Judith was a widow who lived in the Northeast section of Philadelphia, close to Bucks County. In a million years, she could not have imagined that she would ever sue her stockbroker. In the end, that's what she had to do.
Judith's husband was an artist. When he died, he did not leave her a great deal of money. Whatever she had, she wanted to invest conservatively. It needed to last a long time.
In 1993, she set up an account with a reputable, national stock brokerage firm. She made it very clear to her broker that her primary objective was to preserve principal.
For a few years, activity in her account was uneventful. Each month she would take a glance at the monthly statement and then put it away in a drawer. Her investments did well enough for her to draw a modest income each month to supplement her retirement benefits.
Because she left matters in her broker's hands, Judith did not feel it was necessary for her to learn very much about her investments. She felt that was what the broker was paid to do. She would listen to his recommendations, however, and generally went along with whatever he suggested.
In 1998, Judith's broker advised her that she might do well to invest in certain high yield bonds. He did not explain to her that these were essentially more risky than lower yielding bonds. He did not tell her that these bonds were rated lower than the kinds of bonds that conservative investors ordinarily bought. He did not tell her that these bonds were often referred to as "junk" bonds.
On the advice of her broker, Judith sold good, conservative bonds and replaced them with $30,000 worth of junk bonds. In early 1999, on the advice of her broker, she bought another $10,000 worth of junk bonds from a different source.
Sometime during 2001, Judith noticed that her account balances were a lot lower than she expected. Then she received notice that the municipal authorities which had issued the junk bonds had gone into bankruptcy. All of her junk bonds were now worth almost nothing.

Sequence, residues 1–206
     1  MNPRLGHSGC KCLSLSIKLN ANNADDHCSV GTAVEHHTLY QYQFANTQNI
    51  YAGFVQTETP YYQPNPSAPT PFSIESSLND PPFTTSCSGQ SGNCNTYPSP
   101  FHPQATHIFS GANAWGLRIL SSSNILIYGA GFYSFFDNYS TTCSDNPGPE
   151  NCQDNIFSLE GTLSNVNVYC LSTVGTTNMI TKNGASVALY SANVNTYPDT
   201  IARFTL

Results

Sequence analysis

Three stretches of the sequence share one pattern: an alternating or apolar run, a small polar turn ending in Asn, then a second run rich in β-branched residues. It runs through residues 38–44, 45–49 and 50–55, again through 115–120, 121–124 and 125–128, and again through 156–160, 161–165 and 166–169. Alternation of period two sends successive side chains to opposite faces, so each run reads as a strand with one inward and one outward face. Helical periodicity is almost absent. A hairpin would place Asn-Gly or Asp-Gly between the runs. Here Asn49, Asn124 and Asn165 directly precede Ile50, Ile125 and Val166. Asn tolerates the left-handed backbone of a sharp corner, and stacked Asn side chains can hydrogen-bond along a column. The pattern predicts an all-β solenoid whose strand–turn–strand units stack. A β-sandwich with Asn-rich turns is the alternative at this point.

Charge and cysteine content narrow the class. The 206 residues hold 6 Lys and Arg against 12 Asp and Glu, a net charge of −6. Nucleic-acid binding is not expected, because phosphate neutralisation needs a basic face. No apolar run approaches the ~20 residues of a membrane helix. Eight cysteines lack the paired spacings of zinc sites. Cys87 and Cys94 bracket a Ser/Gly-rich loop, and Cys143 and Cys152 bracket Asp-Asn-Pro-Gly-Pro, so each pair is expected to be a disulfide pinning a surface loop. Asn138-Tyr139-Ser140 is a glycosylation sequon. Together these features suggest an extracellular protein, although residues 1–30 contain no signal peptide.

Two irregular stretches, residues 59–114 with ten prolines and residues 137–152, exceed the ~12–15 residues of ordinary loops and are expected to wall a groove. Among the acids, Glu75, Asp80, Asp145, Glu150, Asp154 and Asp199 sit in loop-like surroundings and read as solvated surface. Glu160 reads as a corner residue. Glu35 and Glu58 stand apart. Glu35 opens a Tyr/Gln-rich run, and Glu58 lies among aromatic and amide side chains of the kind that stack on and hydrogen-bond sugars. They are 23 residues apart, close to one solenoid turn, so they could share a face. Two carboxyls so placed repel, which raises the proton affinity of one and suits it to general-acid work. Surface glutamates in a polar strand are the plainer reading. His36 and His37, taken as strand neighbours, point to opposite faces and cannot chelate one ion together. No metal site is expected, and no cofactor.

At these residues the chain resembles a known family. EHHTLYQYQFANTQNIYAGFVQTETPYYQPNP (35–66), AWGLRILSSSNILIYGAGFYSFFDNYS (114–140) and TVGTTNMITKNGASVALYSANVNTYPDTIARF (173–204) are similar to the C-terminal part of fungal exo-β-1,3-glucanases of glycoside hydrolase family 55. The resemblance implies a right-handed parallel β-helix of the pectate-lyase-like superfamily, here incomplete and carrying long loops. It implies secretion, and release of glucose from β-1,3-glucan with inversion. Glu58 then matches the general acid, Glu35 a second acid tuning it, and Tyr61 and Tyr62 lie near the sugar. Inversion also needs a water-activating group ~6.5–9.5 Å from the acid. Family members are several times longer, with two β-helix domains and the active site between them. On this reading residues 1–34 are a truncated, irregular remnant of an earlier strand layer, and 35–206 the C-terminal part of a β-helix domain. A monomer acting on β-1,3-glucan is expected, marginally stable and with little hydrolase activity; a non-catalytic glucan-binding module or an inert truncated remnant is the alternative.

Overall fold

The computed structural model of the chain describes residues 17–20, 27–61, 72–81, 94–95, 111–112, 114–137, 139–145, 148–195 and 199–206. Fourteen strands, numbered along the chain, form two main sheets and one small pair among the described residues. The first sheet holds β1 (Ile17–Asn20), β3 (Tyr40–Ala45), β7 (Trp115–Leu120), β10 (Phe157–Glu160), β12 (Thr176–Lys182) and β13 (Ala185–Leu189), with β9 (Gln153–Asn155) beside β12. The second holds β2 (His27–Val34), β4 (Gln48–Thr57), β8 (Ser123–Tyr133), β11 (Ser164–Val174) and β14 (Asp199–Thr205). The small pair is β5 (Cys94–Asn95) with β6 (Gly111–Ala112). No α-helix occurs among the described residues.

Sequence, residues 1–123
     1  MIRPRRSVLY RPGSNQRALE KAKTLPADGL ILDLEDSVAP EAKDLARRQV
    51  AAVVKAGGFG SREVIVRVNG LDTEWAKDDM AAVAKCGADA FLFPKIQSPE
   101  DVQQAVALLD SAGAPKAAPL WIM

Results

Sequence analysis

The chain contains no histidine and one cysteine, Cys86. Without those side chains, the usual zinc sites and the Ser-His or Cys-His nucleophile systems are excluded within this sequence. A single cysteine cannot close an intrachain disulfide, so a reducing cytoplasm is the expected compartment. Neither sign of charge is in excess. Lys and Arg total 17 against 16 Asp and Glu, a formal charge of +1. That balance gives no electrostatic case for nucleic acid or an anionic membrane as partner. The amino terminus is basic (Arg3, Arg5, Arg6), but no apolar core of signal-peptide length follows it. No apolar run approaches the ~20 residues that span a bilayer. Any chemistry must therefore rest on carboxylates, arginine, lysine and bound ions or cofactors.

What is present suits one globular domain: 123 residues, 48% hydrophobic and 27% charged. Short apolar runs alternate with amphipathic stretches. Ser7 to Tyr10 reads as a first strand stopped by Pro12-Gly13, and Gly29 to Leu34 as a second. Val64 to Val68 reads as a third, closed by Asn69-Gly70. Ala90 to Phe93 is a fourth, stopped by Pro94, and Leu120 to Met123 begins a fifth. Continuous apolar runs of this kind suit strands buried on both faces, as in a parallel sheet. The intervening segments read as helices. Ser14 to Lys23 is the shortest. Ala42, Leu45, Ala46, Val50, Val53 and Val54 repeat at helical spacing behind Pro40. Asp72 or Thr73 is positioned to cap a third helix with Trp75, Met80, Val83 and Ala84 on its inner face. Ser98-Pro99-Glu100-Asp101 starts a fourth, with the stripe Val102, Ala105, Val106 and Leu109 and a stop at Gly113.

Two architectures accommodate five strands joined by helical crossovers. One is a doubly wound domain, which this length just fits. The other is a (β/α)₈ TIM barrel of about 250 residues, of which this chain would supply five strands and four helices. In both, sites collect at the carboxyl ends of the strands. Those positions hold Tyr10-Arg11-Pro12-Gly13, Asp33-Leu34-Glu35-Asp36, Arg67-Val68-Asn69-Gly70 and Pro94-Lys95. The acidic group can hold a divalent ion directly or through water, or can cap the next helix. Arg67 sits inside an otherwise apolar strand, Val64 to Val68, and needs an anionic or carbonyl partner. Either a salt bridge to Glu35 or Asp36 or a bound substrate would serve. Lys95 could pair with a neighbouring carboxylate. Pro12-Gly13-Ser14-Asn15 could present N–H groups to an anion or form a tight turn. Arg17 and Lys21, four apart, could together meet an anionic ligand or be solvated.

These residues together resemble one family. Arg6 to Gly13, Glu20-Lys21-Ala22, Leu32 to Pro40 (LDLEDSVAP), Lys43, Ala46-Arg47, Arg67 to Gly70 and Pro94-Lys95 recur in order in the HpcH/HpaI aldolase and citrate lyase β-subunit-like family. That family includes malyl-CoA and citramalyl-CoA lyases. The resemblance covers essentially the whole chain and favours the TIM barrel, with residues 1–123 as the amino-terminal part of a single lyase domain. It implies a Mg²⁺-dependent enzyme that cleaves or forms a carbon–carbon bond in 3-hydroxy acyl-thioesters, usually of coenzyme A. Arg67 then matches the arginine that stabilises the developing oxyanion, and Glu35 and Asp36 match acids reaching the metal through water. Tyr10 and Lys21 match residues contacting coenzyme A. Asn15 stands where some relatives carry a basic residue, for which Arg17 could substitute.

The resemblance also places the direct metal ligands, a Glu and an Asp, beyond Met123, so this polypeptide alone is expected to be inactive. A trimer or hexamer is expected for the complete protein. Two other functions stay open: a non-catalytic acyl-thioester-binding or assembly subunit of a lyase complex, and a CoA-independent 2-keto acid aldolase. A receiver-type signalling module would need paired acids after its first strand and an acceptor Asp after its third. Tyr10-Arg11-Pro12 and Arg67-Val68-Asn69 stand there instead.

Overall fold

As quickly as she could, Judith changed stock brokerage firms and transferred all of her accounts. She was furious about what had happened and felt that she had been duped. No one had given her any idea that this could happen to her, a conservative investor.
In September, 2001, Judith was advised to contact Michael Bomstein. She was told that he had previously had success in handling cases like hers. She was told that he would look very carefully into her situation and do whatever he could to help her. She was also told that she would not pay any attorneys' fees unless she made a recovery that was satisfactory to her.
Mr. Bomstein went to Judith's home to meet with her and go through her records. After a few hours, he had enough information to begin his investigation. Bomstein then began to work closely with Judith's new broker. He realized that Judith had lost more than the $40,000. He quickly determined that there were other questionable transactions. His client's losses probably approached $60,000 and an argument might be made that the loss was closer to $100,000.
Mr. Bomstein contacted the stock brokerage in order to try to settle the case early. After a few months, despite letters and phone calls, the brokerage took no steps to resolve the matter amicably. The case would, therefore, have to be decided in a securities industry arbitration.
The case was started in December 2001. There was an exchange of information between attorneys. The brokerage lawyer finally recognized that his client would have a problem explaining why he placed Judy's life savings at risk. He then suggested that the matter be mediated.
An experienced mediator was selected by the agreement of both attorneys. In June 2002, the mediator called the parties together for several hours. By the end of the session, the brokerage agreed to pay Judy $55,000, more than she knew she had lost in the first place.